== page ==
As of 2014, no studies exist that demonstrate the effects of hemp oil in humans, states the American Cancer Society. Hemp oil, marijuana oil and other forms of whole or crude marijuana are not approved by the FDA for medical use.
Drugs based on marijuana compounds, such as THC, are medically available and known to be effective in treating nausea and vomiting in chemotherapy patients, according to the American Cancer society. These drugs, which include dronabinol, can also boost appetite and reverse weight loss in HIV/AIDS patients. Mouth sprays derived from whole marijuana are prescribed in Europe and Canada to treat pain associated with cancer in addition to muscle spasms from diseases such as multiple sclerosis.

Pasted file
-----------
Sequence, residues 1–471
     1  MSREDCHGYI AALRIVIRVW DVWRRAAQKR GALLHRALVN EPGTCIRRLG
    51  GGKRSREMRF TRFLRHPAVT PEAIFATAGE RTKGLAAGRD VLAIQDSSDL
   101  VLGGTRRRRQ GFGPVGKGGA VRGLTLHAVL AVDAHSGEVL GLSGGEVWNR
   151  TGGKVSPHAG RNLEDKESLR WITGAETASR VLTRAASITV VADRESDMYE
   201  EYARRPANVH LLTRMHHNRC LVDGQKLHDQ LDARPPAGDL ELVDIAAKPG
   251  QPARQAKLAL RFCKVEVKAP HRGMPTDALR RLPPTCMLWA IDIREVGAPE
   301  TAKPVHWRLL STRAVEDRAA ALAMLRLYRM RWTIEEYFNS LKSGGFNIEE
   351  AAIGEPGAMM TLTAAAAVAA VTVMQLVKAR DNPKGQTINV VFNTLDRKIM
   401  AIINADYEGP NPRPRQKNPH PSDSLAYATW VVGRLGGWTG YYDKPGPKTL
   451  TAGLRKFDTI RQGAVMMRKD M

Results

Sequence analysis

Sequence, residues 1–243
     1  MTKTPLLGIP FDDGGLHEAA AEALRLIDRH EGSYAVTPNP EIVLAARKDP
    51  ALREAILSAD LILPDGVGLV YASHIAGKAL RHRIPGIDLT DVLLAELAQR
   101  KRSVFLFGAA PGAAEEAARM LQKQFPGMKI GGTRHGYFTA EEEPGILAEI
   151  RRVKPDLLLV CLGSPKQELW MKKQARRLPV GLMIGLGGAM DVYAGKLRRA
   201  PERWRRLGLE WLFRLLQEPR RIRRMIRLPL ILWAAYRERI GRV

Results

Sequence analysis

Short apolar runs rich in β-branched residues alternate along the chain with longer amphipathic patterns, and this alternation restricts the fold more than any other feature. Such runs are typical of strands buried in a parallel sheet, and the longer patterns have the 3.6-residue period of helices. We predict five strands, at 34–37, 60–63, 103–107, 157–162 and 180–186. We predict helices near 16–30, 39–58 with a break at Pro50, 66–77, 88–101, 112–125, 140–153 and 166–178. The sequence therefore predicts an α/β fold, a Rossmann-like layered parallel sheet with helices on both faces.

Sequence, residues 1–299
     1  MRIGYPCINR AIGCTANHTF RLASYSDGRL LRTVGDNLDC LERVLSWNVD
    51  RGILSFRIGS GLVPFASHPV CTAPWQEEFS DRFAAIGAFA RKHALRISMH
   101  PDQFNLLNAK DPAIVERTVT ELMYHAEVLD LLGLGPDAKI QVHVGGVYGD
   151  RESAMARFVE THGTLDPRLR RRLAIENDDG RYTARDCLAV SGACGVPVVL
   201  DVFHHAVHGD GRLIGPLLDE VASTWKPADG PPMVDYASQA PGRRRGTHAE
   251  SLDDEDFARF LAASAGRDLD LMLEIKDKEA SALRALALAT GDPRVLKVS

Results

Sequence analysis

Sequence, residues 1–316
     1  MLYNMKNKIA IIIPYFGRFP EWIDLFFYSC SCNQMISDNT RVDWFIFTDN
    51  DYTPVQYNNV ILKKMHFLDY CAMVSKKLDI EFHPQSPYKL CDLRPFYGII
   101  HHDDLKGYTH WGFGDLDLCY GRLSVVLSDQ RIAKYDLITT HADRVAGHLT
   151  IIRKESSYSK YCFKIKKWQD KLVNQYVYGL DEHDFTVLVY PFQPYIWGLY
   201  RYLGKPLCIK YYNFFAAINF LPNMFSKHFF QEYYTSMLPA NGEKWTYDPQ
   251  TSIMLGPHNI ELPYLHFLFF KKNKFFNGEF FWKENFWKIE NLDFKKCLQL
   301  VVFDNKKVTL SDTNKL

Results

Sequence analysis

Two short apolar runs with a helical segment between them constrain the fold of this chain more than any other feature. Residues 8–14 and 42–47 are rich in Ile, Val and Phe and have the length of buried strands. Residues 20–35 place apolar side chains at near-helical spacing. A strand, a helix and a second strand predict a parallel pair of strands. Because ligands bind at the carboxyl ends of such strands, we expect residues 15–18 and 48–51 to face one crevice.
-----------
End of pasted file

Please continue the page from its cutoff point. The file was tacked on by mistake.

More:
Conflicting evidence exists within the study of marijuana consumption in humans, says the American Cancer Society. The compound THC is noted for its therapeutic properties but is also linked to raised anxiety levels and even paranoia, while CBD, another prevalent compound in marijuana, lowers anxiety. Both the amount and effects of these two compounds can vary between individual marijuana strains. The method by which marijuana is consumed also has different effects; ingested marijuana compounds are processed by the liver and introduce additional psychoactive compounds into the body. This contrasts with inhaling marijuana compounds, which produces less of the additional psychoactive compound.